Considine was not without his detractors. He was often taken to task for biased reporting, such as a 1946 article about then U.S. President Harry S. Truman.[11] Simply working for Hearst was enough for others. "I was talking to Harry Bridges about a miserable anti-union article by a Hearst columnist named Bob Considine", remembered journalist Sidney Roger in a series of interviews. "He was a quintessential Hearstling. Very anti-union and very pro-war. I was describing what Considine wrote in his column. Harry said, 'I saw it, but you know, after all he works for Hearst and he's loyal to Hearst and Hearst's ideas.'"[12]

A profile of the writer appearing in Time bore the headline "Ghost at Work", alluding to the numerous works to which he contributed in a behind-the-scenes role. "Ghostwriter Considine dashes off his fast-moving autobiographies while their heroes still rate Page One, takes one-third of the 'author's' royalties as his cut. His General Wainwright's Story was in print before Wainwright was out of the hospital. While Ted Lawson was still recovering from wounds suffered in Doolittle's Tokyo raid, Considine finished Thirty Seconds Over Tokyo." He made an estimated $100,000 annually.[2]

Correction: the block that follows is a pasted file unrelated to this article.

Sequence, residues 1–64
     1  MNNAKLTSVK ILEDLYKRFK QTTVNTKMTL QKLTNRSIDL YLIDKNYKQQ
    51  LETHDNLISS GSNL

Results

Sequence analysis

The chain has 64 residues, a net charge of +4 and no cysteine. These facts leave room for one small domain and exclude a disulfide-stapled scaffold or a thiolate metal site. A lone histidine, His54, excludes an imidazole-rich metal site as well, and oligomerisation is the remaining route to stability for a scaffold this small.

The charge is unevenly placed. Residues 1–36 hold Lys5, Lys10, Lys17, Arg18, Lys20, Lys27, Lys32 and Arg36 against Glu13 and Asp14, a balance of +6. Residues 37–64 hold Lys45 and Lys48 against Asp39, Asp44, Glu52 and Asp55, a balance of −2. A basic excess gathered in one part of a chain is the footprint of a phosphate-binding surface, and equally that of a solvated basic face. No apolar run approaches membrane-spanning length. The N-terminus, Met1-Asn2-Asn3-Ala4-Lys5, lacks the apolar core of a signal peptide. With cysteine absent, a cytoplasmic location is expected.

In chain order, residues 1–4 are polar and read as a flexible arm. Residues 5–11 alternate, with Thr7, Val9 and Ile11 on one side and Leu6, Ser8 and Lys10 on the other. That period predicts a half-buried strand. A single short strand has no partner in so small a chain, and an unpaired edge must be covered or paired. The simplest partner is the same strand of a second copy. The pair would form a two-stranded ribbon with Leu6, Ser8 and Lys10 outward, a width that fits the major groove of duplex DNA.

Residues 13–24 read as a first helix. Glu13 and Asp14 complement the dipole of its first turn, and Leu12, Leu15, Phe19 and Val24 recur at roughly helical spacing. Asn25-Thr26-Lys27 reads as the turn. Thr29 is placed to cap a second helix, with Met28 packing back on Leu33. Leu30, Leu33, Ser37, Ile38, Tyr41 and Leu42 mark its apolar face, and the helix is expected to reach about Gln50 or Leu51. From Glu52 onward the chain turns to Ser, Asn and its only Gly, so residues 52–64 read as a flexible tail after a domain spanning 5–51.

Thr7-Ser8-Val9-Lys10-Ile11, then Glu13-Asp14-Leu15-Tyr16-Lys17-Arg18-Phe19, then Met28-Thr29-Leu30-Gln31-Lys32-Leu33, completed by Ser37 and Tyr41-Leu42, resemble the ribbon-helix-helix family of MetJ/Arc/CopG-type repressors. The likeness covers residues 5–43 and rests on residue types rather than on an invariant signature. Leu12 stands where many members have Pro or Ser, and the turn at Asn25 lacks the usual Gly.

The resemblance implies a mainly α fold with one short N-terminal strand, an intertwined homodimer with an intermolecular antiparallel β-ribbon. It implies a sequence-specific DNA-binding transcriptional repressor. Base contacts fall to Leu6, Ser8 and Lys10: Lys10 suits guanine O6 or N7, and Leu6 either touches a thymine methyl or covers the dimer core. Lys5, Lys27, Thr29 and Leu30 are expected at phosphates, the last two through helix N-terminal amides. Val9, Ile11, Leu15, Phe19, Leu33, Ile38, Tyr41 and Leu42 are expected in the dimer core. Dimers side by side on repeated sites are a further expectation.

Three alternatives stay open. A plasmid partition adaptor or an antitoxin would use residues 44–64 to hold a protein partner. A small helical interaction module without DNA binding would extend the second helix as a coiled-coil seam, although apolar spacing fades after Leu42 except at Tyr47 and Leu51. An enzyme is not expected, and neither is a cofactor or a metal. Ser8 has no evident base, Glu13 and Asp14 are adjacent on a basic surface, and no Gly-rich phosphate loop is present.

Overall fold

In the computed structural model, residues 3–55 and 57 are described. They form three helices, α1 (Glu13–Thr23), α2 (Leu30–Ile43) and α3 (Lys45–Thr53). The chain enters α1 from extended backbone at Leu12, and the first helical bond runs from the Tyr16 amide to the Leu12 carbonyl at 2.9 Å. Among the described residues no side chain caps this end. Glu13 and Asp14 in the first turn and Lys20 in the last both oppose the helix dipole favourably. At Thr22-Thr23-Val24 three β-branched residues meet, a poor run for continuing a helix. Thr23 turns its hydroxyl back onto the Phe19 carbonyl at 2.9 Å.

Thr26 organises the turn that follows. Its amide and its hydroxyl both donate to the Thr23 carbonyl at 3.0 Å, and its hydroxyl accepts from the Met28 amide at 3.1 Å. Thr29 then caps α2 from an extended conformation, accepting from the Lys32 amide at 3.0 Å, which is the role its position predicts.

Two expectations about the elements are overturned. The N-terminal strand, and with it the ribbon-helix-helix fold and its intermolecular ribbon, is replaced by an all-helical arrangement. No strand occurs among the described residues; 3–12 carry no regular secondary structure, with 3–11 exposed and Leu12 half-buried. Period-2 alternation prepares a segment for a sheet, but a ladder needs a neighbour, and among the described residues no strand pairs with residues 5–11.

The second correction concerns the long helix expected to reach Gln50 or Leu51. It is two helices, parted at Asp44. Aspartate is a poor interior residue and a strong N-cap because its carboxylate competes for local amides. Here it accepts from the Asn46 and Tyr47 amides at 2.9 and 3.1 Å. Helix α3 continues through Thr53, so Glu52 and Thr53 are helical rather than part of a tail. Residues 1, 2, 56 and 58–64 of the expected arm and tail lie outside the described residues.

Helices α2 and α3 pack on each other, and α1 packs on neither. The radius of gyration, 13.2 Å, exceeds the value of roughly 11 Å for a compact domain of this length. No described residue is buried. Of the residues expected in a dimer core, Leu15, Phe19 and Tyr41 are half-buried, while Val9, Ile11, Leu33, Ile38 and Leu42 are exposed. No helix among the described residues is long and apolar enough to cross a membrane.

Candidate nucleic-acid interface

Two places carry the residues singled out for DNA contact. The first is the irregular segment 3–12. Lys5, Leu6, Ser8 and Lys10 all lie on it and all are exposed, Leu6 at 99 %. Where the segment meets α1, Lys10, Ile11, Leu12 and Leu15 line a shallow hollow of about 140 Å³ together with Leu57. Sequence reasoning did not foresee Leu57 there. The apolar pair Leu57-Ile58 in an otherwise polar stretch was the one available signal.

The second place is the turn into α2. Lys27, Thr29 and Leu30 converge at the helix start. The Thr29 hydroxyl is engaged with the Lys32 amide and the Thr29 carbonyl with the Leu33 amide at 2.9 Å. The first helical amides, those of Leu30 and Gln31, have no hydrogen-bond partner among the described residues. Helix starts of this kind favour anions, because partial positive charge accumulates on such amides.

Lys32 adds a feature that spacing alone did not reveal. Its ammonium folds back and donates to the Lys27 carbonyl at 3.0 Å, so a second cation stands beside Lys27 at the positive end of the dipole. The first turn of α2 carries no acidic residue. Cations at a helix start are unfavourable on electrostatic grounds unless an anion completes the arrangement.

He continued to work for Hearst while writing his books and adapting some of them into screenplays. He was undaunted by the pace of his schedule. "Last year [1948] I spent time in Palm Springs, Paris, and Mexico City. I covered the Kentucky Derby and talked to the Pope. I even saw the World Series. It's a pretty good job", he told Time.[2]

With the creation of United Press International in 1958, Considine remained on the Hearst payroll, but his work was syndicated through the wire service.[13]

Around 1960, a children's parody of the Howdy Doody show theme song went "It's Howdy Doody time, the show's not worth a dime, so turn on channel nine, and watch Bob Considine."[citation needed]

The crypt of Bob Considine

Considine had an array of influential admirers. He had correspondence from Truman, Lyndon B. Johnson, Rube Goldberg, Nelson A. Rockefeller, Cardinal Francis Spellman, and General William C. Westmoreland. President Dwight D. Eisenhower in a 1960 letter to William Randolph Hearst Jr., praised Considine's reporting on the 1960 U-2 incident in which the Soviets downed an American aircraft piloted by Francis Gary Powers and used for intelligence gathering. The controversy sank the American-Soviet summit which was about to convene in Paris. "Writing this note gives me also an opportunity to express my satisfaction over the balanced and reasonable way the Hearst papers handled the recent U-2 incident and the 'Summit' meeting. I thought that some of the pieces by Bob Considine were excellent, and of course from my viewpoint they were highly complimentary. I never forget the old saw -- 'He is a great man; he agrees with me.'"[14]

Bob Considine's "On The Line With Considine" commentaries were heard at different periods on the ABC Radio Network, and on NBC Monitor.